By David Kramer |


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In Mark D. Dean, P.S.C. v. Commonwealth Bank & Trust Co., 2010-CA-00050 (rendered 4/6/12), the Kentucky Court of Appeals considered an appeal of a summary judgment dismissing claims against a bank by a commercial escrow account holder whose bookkeeper had embezzled money by kiting checks. The trial court dismissed a claim under the Uniform Commercial Code (UCC) based on the Code’s three-year statute of limitations, and dismissed associated common law claims as having been displaced by the UCC. On appeal, the customer argued that the UCC claim, even though it was made nearly four years after the matter was brought to the customer’s attention, was not time-barred since the UCC’s three-year limitations period should be deemed to have been tolled until the bank’s negligence was discovered.


The Court, in an opinion by Judge Glenn Acree, rejected that argument and held instead that the customer’s failure to inspect its monthly statements – even though they were being intercepted and diverted by the bookkeeper – barred the claim under the substantive provisions of the UCC, specifically Code Sections 4-403 and 4-406(6) (KRS 355.4-403 and 355.4-406(6)). Those sections require a bank customer to inspect account statements in a prompt and reasonable fashion (4-403), and allow the customer one year after the statement is made available to the customer to discover and report any unauthorized signature or alteration (4-406(6)). The Court held that the customer had unreasonably failed to comply with its duties to monitor the account, and as a result the customer did not discover and report the kiting scheme in a timely fashion. Thus, the UCC claim was barrred substantively, not based on limitations.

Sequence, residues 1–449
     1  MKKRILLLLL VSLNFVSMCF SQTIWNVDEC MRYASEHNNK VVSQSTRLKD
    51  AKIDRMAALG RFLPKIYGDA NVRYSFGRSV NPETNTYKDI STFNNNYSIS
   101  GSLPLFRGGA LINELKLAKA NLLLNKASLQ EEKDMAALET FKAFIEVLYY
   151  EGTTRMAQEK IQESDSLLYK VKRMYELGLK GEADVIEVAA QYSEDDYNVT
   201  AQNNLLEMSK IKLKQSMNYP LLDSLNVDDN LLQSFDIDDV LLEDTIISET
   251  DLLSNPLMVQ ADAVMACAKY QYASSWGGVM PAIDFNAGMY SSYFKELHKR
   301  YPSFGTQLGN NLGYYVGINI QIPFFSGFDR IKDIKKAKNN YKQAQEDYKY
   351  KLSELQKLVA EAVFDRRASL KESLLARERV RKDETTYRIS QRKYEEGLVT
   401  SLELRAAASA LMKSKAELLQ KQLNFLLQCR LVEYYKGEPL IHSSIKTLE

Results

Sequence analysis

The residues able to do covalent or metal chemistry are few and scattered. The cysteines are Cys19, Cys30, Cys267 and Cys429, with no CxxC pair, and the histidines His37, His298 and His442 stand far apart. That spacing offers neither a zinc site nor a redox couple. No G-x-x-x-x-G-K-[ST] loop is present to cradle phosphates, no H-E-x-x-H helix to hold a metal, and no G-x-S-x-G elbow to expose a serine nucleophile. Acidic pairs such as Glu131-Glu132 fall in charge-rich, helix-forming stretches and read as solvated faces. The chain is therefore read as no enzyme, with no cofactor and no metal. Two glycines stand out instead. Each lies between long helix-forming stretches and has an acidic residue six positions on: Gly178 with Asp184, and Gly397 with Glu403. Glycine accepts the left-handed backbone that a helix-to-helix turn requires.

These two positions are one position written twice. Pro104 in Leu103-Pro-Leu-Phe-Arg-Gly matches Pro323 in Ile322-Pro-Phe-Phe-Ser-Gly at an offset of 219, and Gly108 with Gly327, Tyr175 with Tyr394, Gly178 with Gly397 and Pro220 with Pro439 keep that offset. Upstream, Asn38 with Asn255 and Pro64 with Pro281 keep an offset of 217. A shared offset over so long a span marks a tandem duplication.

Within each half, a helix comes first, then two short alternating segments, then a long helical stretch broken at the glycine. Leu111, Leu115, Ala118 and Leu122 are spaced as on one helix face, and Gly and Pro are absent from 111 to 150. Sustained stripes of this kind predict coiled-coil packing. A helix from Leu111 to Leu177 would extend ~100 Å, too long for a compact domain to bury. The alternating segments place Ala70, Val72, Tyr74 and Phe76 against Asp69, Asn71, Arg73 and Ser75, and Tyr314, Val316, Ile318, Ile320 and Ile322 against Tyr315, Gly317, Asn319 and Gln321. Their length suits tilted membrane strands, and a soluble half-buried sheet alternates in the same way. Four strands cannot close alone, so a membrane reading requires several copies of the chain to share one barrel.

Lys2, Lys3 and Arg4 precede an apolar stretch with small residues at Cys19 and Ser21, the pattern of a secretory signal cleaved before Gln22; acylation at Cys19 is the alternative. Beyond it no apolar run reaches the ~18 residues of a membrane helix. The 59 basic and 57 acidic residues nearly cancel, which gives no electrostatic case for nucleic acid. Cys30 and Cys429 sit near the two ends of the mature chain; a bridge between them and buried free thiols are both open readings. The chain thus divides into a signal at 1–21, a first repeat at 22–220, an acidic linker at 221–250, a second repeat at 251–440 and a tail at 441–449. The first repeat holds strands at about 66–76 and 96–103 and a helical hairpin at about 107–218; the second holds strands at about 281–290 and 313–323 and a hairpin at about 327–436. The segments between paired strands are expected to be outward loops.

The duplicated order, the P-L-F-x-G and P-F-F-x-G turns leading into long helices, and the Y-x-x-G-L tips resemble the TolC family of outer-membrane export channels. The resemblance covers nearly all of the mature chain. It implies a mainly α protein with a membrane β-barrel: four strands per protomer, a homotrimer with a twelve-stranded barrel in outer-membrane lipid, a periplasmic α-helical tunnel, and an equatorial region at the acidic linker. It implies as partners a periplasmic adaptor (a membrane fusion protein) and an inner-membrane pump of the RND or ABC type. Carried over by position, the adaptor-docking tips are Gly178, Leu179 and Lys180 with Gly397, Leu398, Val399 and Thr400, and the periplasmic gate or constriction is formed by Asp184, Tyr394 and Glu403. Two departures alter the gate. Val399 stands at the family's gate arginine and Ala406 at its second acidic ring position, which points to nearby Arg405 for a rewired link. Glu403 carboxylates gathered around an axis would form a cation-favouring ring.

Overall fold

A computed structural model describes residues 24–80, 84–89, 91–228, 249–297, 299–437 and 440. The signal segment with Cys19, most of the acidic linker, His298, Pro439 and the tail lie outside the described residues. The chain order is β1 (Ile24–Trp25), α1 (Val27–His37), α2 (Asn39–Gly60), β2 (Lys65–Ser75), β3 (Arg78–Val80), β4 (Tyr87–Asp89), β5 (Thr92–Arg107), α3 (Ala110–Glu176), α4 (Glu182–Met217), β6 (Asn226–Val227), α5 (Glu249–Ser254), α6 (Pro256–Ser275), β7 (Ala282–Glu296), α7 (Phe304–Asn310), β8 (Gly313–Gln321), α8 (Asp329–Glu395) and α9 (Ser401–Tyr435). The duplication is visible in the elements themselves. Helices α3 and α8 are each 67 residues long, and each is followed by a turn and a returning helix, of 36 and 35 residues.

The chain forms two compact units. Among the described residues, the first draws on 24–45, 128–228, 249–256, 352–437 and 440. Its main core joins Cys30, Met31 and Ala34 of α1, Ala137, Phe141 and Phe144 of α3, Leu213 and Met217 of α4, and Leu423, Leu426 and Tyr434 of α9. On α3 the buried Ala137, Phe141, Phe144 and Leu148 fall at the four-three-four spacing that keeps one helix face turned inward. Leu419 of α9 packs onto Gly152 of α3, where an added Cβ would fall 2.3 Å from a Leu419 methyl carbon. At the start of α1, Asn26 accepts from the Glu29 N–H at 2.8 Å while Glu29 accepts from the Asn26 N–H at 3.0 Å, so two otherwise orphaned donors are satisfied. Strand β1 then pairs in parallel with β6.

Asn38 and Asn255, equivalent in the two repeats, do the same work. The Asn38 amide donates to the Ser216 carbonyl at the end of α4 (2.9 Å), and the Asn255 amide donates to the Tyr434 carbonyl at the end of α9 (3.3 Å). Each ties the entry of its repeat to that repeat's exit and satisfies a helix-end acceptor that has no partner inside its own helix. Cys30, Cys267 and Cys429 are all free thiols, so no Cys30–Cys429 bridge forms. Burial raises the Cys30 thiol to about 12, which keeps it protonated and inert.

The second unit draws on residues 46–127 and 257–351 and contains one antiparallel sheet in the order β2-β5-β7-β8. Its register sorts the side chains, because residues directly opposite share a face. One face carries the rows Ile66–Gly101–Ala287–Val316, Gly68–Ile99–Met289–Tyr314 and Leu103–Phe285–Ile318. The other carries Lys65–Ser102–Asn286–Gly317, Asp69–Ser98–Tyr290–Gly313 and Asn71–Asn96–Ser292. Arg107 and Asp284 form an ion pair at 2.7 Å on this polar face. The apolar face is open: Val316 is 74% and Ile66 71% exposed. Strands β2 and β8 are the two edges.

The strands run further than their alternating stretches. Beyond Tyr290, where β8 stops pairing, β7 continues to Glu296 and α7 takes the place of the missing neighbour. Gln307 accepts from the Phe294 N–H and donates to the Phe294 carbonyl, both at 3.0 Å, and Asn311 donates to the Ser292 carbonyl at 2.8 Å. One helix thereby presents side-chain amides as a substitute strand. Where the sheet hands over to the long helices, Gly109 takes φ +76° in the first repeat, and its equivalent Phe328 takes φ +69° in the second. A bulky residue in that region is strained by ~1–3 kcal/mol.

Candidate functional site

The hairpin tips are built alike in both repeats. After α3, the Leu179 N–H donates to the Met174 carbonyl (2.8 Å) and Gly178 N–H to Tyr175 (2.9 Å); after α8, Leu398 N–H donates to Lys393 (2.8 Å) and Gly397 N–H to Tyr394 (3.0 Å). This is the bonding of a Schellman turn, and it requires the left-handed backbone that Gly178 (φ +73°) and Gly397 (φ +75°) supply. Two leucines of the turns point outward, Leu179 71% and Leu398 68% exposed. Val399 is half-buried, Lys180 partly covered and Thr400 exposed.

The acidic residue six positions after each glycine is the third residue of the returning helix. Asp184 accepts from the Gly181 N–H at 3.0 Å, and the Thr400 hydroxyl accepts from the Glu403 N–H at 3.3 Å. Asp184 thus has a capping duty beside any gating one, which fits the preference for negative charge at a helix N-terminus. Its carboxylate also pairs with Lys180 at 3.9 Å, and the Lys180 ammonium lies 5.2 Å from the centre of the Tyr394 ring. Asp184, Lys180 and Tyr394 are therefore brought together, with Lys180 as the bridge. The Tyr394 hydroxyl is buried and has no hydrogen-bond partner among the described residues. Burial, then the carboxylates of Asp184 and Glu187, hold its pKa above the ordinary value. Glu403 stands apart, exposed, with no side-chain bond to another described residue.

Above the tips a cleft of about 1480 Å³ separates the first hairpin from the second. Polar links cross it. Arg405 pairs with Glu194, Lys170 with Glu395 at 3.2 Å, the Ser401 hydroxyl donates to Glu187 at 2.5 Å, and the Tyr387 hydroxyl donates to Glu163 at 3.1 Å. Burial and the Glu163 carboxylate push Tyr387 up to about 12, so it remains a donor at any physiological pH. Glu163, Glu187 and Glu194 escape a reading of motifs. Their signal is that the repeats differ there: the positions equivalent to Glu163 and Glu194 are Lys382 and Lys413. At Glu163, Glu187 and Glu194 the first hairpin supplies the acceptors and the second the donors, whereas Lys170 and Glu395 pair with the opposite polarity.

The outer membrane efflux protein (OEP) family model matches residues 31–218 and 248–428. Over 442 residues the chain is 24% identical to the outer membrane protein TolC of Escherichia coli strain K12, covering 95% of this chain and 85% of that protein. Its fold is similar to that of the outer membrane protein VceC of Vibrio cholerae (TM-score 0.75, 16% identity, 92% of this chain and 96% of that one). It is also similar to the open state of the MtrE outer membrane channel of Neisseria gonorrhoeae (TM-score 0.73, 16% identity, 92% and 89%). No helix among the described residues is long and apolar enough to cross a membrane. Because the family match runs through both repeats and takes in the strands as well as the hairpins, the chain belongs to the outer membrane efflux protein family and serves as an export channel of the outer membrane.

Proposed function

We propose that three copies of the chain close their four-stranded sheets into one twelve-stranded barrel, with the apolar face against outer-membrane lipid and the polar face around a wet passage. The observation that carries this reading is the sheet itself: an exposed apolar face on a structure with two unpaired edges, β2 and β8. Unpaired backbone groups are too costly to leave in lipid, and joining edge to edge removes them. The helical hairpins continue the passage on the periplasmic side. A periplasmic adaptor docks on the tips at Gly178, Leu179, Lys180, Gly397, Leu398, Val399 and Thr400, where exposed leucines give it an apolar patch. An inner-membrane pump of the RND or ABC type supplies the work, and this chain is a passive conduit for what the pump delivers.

Though the Court declined to address whether the UCC’s three-year SOL is subject to a discovery rule, the Court nevertheless considered whether the failure of Dean to discover the kiting scheme was reasonable or not, since Official Comment 1 to 4-406 requires consideration of whether the customer should have reasonably discovered the unauthorized payment. The Court found the customer’s failure to oversee the bookkeeper’s work was not reasonable and that the scheme should have been discovered sooner with reaonable diligence.


Finally, the Court found that the failure of the customer to comply with its UCC obligations barred not just the UCC claim, but any common law claims for relief relating to the check-kiting scheme.


The decision highlights not just the need for internal oversight and control over a company’s finances (including not having only one person sign checks, or not having the same person who signs checks review bank statements), but also the duty of any bank checking account owner to promptly inspect account statements for unauthorized charges or alterations to checks.


The opinion was designated for publication but is not yet final. Decisions that are not final may not be cited as precedent.


David Kramer is a Northern Kentucky attorney practicing at Dressman Benzinger LaVelle psc.


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